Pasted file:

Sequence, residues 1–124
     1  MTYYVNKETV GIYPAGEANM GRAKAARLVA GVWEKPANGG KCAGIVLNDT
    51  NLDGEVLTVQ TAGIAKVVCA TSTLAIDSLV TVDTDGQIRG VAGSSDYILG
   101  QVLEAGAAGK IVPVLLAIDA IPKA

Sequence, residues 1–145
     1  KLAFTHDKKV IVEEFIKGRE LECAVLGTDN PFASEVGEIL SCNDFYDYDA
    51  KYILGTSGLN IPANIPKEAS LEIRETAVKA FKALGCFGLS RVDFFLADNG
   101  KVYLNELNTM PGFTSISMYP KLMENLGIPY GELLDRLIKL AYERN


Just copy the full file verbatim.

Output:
Sequence, residues 1–124
     1  MTYYVNKETV GIYPAGEANM GRAKAARLVA GVWEKPANGG KCAGIVLNDT
    51  NLDGEVLTVQ TAGIAKVVCA TSTLAIDSLV TVDTDGQIRG VAGSSDYILG
   101  QVLEAGAAGK IVPVLLAIDA IPKA

Sequence, residues 1–145
     1  KLAFTHDKKV IVEEFIKGRE LECAVLGTDN PFASEVGEIL SCNDFYDYDA
    51  KYILGTSGLN IPANIPKEAS LEIRETAVKA FKALGCFGLS RVDFFLADNG
   101  KVYLNELNTM PGFTSISMYP KLMENLGIPY GELLDRLIKL AYERN